Cultural Kaleidoscope: February 16, 2013
It’s Fashion Week. Feministe has a great article that asks if fashion can fix fashion, analyzing it from a feminist perspective and including issues of consumer culture, sustainability and conformity as well, taking not of the good and bad and looking at its future potential:
For some people, being unique is empowering, and for others, it’s lonely. If style or fashion or apparel in any of its many configurations doesn’t appeal to you in the least, I congratulate you on avoiding a major societal pressure; for the rest of you, I welcome you to the club. Maybe, in a world without that pressure, fashion can actually be feminist.
The Guardian is more explicit in its articles on the feminist case for fashion:
Aesthetics aren’t the enemy of feminism; social codes that require women to meet certain aesthetic principles, and to be constantly putting in time, effort and money in the service of femininity, are the enemy. Fight the system, not the people who do their best to operate in it, or, God forbid, take a little pleasure where they can find it. Gendered fashion requirements are bad. Enjoying the self-expression and aesthetic appeal of clothing? Girl, go ahead and enjoy your new shoes.
New York Magazine also has a great article analyzing gender in The Cut that praises “fake” women aka powerful celebrities who became successful by reinventing themselves and why we should think twice before judging them by labeling them as mainstream sellouts:
Reinvention has long been key to success — especially in artistic fields. So why are we hating on pop stars for adopting the very qualities that entertain us? We’ve all heard the advice to “fake it til you make it.” The pop-music industry takes that a step further: Fake it so you can make it. If your work isn’t catching on, try something new. Seen through this lens, fakery is laudable! It takes guts — and savvy — to radically change your career, your looks, your approach to life. In just about any industry, the people who don’t adapt to changing times are left behind. And those who evolve quickest, those who are first to learn new technology or hop aboard new trends, tend to be the most successful.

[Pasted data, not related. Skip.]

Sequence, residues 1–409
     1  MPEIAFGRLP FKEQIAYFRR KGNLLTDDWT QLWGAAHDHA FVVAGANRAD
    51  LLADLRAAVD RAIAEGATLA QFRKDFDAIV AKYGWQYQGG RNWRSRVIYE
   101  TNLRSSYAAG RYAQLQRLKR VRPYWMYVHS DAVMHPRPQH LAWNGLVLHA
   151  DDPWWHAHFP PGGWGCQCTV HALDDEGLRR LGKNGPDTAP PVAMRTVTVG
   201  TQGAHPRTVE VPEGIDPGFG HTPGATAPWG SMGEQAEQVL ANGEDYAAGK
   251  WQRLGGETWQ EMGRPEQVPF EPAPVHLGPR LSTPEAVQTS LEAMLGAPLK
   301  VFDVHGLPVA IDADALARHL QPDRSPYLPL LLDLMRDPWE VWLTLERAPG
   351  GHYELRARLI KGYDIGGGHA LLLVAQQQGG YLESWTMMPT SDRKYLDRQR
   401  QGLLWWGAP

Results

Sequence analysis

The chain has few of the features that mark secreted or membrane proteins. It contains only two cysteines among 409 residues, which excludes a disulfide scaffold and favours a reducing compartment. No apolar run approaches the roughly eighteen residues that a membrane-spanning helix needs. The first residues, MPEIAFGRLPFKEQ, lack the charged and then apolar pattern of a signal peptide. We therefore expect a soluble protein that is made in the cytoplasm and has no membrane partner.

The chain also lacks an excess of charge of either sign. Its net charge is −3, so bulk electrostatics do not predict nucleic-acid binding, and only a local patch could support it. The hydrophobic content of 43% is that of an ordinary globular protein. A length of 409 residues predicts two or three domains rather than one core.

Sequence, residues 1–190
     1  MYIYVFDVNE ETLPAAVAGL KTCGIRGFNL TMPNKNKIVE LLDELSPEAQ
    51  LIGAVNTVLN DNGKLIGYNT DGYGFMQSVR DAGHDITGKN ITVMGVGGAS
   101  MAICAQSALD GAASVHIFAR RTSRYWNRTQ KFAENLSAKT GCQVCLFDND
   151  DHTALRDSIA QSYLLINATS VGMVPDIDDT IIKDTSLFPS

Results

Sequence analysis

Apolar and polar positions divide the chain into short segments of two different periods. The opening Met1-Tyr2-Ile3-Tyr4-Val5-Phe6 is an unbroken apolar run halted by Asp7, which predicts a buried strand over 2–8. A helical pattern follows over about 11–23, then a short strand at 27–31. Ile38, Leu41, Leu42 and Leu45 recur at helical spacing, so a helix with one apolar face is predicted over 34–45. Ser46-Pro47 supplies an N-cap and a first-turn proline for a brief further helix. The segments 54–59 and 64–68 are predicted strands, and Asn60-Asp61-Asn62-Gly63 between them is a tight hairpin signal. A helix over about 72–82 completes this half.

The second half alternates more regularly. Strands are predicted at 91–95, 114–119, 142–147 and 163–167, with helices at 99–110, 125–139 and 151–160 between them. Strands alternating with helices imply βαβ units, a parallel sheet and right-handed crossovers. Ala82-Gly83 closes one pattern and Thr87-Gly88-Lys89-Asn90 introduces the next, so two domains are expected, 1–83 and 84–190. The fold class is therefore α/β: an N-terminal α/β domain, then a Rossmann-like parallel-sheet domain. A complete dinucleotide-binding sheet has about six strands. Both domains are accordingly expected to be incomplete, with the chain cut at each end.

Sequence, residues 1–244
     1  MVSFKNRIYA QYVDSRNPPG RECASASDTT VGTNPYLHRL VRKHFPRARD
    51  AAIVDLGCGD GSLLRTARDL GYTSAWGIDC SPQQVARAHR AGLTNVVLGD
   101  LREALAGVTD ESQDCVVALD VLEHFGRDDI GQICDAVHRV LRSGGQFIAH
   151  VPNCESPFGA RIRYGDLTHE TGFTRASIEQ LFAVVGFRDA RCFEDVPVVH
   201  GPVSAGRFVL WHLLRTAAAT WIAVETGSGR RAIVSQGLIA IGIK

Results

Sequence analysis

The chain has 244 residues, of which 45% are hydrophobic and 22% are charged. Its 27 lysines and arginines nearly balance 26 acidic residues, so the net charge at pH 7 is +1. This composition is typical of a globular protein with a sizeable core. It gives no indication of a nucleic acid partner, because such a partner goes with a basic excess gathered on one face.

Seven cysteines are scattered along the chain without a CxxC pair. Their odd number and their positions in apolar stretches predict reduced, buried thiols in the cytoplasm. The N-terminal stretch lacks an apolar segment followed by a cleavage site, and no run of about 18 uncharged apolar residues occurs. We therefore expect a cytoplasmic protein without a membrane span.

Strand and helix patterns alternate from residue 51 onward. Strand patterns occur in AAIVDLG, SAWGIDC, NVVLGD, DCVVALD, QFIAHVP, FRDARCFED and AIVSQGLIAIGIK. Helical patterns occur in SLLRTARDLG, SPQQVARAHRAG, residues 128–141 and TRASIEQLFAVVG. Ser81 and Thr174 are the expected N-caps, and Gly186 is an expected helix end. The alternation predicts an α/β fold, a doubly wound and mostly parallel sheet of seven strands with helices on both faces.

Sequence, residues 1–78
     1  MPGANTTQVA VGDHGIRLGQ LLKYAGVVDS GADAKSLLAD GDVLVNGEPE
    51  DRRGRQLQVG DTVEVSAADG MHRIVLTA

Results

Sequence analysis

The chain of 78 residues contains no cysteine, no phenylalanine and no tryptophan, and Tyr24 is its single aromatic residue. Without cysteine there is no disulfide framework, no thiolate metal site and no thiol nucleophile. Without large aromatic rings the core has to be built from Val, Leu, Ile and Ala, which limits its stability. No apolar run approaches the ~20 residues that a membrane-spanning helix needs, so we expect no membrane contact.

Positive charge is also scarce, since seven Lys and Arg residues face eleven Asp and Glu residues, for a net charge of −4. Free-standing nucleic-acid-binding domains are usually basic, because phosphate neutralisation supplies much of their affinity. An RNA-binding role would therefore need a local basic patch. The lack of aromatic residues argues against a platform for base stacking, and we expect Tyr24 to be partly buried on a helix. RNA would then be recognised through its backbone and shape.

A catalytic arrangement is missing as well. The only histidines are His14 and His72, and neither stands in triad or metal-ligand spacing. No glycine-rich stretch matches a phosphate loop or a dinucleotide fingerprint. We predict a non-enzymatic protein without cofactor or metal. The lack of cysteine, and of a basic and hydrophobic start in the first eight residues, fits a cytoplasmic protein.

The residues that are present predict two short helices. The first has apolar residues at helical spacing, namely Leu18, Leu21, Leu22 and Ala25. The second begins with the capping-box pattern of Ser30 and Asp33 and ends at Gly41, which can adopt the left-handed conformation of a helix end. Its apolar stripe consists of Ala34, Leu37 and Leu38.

Rosie Molinary advices you to take a break from media, at least briefly, to recharge:
I do want you to go 4 hours without media- no television, movies, internet (you can answer email or text a friend)- so no social media, magazines, newspapers, music. For four hours, do not allow yourself to be exposed- even subconsciously like the ads on the side of Facebook- to any messages about how you should be or how your life should look. Just live your life rather than watch how others live it or listen to the expectations.
If Valentine’s Day is one of the holidays that gets you down, take note of International Self-Love day on February 13th next year and follow this advice from New World Library all year:
Here’s the truth about your happiness: It’s directly correlated to your levels of self-compassion. High self-compassion equals more happiness; lack self-compassion and watch your happiness drop. You, more than anyone else, are counting on you to be there with open arms, offering compassion and forgiveness without condition. You are counting on yourself to love yourself. And loving yourself doesn’t just mean believing you can do and be anything; it requires you to be kind, gentle, and compassionate with yourself always, even when you fail, fall behind, or don’t measure up to the unrealistic standards you and society have set for yourself.
There are also two new great sites to keep your eye on: Dailyworth provides advice and insight on managing money so it doesn’t control you. Though aimed at women, the advice is easily generalizable and we love that they focus on making money by doing something you love and spending with intention on things that are most important.
Money has meaning when it gives you the freedom to live an inspired life. To do that, we’ll need to dig deep, make new rules, and build true wealth. We are here to make sure we do just that, together.
For those of you who love being a student but can’t afford to go back to school because of time or money Coursera offers free lectures online on a range of topics for FREE and will even provide a certificate of completion at the end.
So graphic design can change things, but it also plays a very strong role in sustaining things as they are. So for every single thing that changes, there are a thousand more that want everything to remain the same, especially now with the predominance of Apple and the “Apple aesthetic.” It’s difficult, but important, to challenge the notion of design as it is embodied in Apple products — where increasingly complex architectures are increasingly hidden from view. So the system is incredibly complex, but you don’t get to worry about that because all has been solved for you, like with the Cloud where you store your files wherever. You basically get this Fischer Price interface culture with one or two buttons that do everything. And that’s really great. But Apple has evolved from leading an innovative and important fight against deliberately bad, bureaucratic design culture (Windows and the PC) into representing a deliberate oversimplification of the world. That’s where we are critical.